Wednesday, May 07, 2008

Detroit Red Wings - The Template of a Successful Franchise


The Detroit Red Wings have been a template of a successful NHL franchise. Dominance in the win-loss category over the past 15 years, exceptional scouting, and a strong desire by players to play for the franchise. GM Ken Holland has done a masterful job negotiating contracts. There are quite a number of players significantly overperforming their contract's cap hit.

They include:

Kronwall, Niklas (3.000)
Zetterberg, Henrik (2.650)
Holmstrom, Tomas (2.250)
Samuelsson, Mikael (1.200)
Chelios, Chris (1.150)
Franzen, Johan (0.942)
Osgood, Chris (0.850)
Filppula, Valtteri (0.733)
Cleary, Daniel (0.662)

Of course many of these players will (already have) receive(d) significant raises in their next contract, but it's remarkable how none of these players are in their entry level contracts, when the window opportunity for ''bang-for-your-buck" is at its peak. I also have confidence in Holland to replenish that talent when one of these players prices himself out of Detroit.

Players like Cleary (2.800) and Osgood (1.417), Lidstrom (7.450), Draper (1.583) have recently signed extensions at very reasonable dollars. One can argue all of these have potential for overperformance of the contract.

You can look at the entire cap list and find it difficult to locate an overpaid contract. Perhaps Hasek, but that is for only 1 year. Rafalski may slow down by the end of the contract - but we'll see. Other than that however, this is an astute job by GM Ken Holland.

What inspired me to look closely at Detroit's situation?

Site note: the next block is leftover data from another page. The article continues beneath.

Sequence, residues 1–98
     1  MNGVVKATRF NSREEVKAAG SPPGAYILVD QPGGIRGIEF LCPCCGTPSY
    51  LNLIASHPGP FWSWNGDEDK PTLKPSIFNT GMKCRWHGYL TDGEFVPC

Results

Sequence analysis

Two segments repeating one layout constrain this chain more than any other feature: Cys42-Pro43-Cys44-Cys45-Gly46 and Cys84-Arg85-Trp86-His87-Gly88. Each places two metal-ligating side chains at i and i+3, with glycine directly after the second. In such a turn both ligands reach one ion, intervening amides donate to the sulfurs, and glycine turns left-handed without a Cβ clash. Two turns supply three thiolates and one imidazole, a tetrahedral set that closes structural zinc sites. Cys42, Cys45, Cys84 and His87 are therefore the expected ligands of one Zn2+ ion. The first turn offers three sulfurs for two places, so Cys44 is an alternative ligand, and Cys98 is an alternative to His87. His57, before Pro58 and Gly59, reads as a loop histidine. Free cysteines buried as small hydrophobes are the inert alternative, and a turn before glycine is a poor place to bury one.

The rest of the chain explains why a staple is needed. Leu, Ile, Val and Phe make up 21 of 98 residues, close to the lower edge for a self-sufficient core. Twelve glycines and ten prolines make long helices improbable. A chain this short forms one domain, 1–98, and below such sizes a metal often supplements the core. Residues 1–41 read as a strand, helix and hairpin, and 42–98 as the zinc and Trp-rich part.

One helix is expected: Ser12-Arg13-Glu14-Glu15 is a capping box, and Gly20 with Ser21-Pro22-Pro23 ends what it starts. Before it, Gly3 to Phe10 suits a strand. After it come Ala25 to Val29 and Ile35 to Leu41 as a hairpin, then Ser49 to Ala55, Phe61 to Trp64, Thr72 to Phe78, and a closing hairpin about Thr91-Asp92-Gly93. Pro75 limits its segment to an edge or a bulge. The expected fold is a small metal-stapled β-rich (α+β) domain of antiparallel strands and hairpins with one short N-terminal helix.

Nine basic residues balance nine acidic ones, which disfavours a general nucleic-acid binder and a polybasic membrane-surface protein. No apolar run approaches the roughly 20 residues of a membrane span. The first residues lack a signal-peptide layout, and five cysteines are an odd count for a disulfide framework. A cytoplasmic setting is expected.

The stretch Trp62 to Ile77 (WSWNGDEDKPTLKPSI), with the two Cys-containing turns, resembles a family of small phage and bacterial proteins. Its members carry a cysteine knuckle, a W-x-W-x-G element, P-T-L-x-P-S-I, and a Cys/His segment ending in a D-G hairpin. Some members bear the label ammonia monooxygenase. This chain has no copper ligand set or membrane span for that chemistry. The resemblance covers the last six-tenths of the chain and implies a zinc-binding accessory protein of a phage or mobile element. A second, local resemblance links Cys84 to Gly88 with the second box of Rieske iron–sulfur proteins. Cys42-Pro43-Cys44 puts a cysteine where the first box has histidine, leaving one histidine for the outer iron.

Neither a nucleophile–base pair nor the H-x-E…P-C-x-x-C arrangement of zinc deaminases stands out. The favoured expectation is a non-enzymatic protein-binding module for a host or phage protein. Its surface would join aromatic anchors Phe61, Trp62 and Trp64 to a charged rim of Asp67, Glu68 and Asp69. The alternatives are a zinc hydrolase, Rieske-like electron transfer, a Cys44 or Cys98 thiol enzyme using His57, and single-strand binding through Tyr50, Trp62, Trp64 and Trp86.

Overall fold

Recent rumblings by Robin Brownlee, who posts on the Oilersnation blog (link on right), suggest Curtis Glencross is asking in the neighborhood of $2M. Can't say I don't like the player - he provides energy, hits, and has improved his scoring touch over the past few years. Yet, Kevin Lowe must exercise skeptism in this case, given the fact Curtis boasted a 22% shooting percentage in Edmonton, wasn't a full-time NHLer in Columbus, and played very soft minutes pn the 4th line. Anywhere near the 1.5M range and the Oilers aren't getting a player who will likely overperform his contract. With this topic on the table, how do the Oilers fare in terms of getting value from their contracts?

Let's examine closely to next year's cap situation.

Overperforming Contracts
Hemsky, Ales (4.100)
Horcoff, Shawn (3.600)
Gagner, Sam (1.625) - Entry Level Contract
Cogliano, Andrew (1.133) - Entry Level Contract
Stortini, Zack (0.534) - Entry Level Contract
Brodziak, Kyle (0.497)
Garon, Mathieu (1.100)

Reasonably Performing Contracts
Pisani, Fernando (2.500)
Reasoner, Marty (~1.00) - projected in next contract
Nilsson, Robert (2.000)
Staios, Steve (2.700)
Greene, Matt (1.150)
Grebeshkov, Denis (1.500)
Smid, Ladislav (.886) - Entry Level Contract

Underperforming Contracts
Penner, Dustin (4.250)
Torres, Raffi (2.250) - Slightly
Moreau, Ethan (2.000) - Slightly even when healthy
Souray, Sheldon (5.400)
Roy, Mathieu (0.500)
Roloson, Dwayne (3.667)

*Too early to tell:
(RFA's) Pouliot, Pitkanen, Stoll.
(UFA) Glencross
*Tempted to throw Gilbert in the underperforming contract for next season

Many of the overperforming contracts come in the form of rookie contracts. Horcoff and Garon becomes less of a bargain in their next contract. Likewise, as good of a player Pitkanen is, he'll be getting reasonably paid in his next contract, and like Gilbert's contract, it will be of the ''pay for potential'' variety. On the flip side of the coin, Roloson and Roy will cease to be in the underperforming list when their contracts expire next summer. It's also probably not fair to include Penner, since it was REQUIRED to overpay to obtain him.

In Summary, Kevin Lowe has done an OK job negotiating contracts.

But, he's no Ken Holland.

1 comment:

Mac said...

When you say the word 'Franchise', most people immediately think of business-based franchises like those that are top listed in popular business magazines every year. But, it is important to remember that there are hundreds and thousands of franchises out there, some that are spectacularly successful, others that are total failures. Obviously, you want to avoid the latter.




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